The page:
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Simulated Diamonds

Also known as diamond simulants, these stones are similar to diamonds in their appearance but different in their physical and chemical properties. You’ve likely heard of a few different kinds of diamond simulants, including cubic zirconia and moissanite. There are also a few gemstones that can fall into this category because of their clear appearance. These include quartz and white sapphire.

Synthetic Diamonds

Synthetic diamonds, on the other hand, are chemically, physically, and optically the same as mined diamonds. They are also known as lab-grown diamonds, man-made diamonds, or cultured diamonds. In all intents and purposes, they are real diamonds. The only difference is where they were created. Although they are synonymous, the Federal Trade Commission has actually ruled it deceptive to classify a lab-grown diamond as ‘synthetic’ since this term can be misleading. For the most part, you will find these diamonds labeled by one of their more appropriate names.


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How do you tell the difference?

There are various properties with each type of stone that will allow you to tell if it is a diamond simulant or a synthetic diamond.

Durability

Diamonds, and therefore synthetic diamonds are the hardest minerals found on earth. On the Mohs Scale of hardness, they score a perfect 10. This means that the only thing that can scratch a diamond is another diamond.

A moissanite, one of the most popular diamond simulants, is also a fairly hard mineral, but not as hard as a real diamond. On the scale, they score a 9.25, meaning they can be scratched by other elements. A CZ, on the other hand, scores an 8.5. This means it is much softer than a diamond and can easily be scratched.

Refractive Index

In technical terms, the refractive index “describes how fast light propagates through the material” (Wikipedia). In layman’s terms, and when it comes to diamond simulants and synthetics, it basically describes how to stone will reflect light.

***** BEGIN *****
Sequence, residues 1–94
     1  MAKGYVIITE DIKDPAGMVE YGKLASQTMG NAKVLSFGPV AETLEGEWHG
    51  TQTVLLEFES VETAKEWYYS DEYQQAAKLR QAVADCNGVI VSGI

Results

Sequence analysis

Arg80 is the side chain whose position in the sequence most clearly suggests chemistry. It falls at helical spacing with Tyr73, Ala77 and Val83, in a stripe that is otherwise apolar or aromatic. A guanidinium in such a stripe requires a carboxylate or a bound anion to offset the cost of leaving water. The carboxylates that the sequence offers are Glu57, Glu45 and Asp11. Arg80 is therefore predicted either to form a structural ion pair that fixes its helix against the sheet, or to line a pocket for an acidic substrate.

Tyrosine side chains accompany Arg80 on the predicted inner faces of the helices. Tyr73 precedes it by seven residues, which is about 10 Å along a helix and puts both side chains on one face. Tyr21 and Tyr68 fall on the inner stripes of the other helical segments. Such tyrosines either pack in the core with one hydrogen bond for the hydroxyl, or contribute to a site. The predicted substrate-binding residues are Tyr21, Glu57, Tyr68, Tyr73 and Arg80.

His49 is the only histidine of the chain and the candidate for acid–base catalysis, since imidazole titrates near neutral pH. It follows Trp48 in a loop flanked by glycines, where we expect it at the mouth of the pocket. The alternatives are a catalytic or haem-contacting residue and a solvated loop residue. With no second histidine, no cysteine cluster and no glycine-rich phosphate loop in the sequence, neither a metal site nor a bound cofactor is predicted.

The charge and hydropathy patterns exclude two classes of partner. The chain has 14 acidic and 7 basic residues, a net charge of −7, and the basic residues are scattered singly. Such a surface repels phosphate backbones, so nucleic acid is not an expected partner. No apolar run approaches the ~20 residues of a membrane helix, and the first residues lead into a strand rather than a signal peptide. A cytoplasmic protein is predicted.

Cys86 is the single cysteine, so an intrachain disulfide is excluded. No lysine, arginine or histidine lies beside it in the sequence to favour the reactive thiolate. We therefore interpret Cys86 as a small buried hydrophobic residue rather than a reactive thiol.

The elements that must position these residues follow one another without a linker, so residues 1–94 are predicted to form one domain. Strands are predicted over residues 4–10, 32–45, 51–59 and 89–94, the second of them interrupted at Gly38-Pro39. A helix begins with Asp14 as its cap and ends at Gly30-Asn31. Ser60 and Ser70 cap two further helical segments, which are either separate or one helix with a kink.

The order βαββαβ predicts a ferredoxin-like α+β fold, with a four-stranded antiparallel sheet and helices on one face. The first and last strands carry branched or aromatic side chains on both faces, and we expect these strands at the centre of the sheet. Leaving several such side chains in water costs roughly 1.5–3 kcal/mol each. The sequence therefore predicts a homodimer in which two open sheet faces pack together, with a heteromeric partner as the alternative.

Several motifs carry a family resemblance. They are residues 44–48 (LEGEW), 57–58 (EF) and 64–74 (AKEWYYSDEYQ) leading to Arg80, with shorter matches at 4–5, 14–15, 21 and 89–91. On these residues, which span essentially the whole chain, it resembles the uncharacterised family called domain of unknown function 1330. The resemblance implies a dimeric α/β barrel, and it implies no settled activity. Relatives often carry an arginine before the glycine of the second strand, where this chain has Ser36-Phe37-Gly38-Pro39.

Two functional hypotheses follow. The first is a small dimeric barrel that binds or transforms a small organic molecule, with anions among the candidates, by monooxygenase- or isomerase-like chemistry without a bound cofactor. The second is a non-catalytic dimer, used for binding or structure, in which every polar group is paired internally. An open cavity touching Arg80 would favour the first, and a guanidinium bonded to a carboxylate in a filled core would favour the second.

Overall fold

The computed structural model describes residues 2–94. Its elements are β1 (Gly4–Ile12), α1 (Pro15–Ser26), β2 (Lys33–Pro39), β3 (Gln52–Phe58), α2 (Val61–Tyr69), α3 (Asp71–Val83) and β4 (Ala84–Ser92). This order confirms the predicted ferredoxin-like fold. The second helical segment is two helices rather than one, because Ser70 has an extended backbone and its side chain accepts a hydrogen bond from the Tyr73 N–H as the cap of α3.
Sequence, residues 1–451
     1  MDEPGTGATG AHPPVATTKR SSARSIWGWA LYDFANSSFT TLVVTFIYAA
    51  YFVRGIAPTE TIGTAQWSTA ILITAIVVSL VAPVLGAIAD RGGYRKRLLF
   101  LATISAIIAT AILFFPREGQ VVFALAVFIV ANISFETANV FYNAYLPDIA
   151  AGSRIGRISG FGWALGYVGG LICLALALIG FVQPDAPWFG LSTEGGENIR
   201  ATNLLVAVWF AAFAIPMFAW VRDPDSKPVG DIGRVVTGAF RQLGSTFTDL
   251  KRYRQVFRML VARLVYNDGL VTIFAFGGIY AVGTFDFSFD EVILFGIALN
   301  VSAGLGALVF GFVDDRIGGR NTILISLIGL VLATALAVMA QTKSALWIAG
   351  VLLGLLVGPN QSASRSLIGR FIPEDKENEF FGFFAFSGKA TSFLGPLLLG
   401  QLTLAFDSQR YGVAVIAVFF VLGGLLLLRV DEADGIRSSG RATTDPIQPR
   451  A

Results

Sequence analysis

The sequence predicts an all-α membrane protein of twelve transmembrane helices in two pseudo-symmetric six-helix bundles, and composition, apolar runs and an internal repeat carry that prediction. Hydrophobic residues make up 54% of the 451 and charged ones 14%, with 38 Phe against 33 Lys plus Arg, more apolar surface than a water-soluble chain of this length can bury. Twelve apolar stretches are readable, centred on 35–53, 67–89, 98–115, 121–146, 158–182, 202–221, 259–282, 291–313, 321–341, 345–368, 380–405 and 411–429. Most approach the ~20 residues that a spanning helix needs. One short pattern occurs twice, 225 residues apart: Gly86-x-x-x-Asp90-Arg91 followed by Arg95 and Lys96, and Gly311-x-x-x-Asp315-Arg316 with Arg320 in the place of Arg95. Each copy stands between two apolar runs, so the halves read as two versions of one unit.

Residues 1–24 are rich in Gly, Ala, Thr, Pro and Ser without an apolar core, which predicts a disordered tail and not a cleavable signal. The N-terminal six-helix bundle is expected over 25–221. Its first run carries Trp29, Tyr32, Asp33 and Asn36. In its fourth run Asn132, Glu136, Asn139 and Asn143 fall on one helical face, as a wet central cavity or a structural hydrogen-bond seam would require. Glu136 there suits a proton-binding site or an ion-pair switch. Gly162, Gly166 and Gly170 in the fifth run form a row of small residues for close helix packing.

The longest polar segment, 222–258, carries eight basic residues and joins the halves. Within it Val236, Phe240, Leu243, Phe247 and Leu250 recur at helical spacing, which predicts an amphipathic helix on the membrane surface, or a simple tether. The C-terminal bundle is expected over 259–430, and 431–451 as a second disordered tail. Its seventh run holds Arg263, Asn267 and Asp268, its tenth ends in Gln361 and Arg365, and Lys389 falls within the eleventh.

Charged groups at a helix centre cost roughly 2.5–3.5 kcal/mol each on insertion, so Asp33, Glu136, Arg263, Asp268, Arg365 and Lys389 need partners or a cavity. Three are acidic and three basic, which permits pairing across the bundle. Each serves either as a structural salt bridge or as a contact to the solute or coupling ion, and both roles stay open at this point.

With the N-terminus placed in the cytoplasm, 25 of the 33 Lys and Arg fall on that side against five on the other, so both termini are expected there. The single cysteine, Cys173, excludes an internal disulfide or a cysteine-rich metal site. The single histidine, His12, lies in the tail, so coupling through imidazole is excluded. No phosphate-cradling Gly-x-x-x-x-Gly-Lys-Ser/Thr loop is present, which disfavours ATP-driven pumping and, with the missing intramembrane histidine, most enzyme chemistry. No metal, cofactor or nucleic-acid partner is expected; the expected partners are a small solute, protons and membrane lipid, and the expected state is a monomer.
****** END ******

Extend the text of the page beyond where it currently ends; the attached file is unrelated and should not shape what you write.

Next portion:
The refractive index of a diamond is 2.4. This means that light travels through a diamond at a rate 2.4x slower than it does through air. In comparison, the refractive index of moissanite is anywhere from 2.65-2.69. This can actually cause the stone to give off a ‘disco-ball’ appearance, as the shine can be overbearing at times. Since CZs are lower than diamonds on the index (sitting at 2.15-2.18), they reflect an excess of colored light, resulting in a ‘rainbow effect’.


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Price

Since diamond simulants are not real diamonds, they cost quite a bit less. You could easily find moissanite that resembles the size of a 2-carat diamond for less than $1,500. Cubic Zirconia is even less and can range anywhere from $30-$200 depending on size. Diamond simulants do not have a ton of market value. However, they’re a great option if you’re tight on budget.

Lab-grown diamonds or synthetic diamonds can be anywhere from 20-40% less than mined diamonds. However, since they are chemically, physically, and optically the same as mined diamonds, they still hold high market value. A 1.54 ct round stone with F color, VS2 clarity, and very good cut grade can start around $3,240. For a similar mined diamond, you’re looking to start around $5,900. Clean Origin also offers extremely competitive rates, even in the man-made industry.

It’s important to understand the difference between diamond simulants and synthetic diamonds before you start your engagement ring search. If you have an extremely tight budget, a diamond simulant can be a good starting point or placeholder. Since synthetic diamonds are identical to mined diamonds, these gems are a wonderful mined diamond alternative if you’re conscious about ethically sourced jewelry and eco-friendly products.


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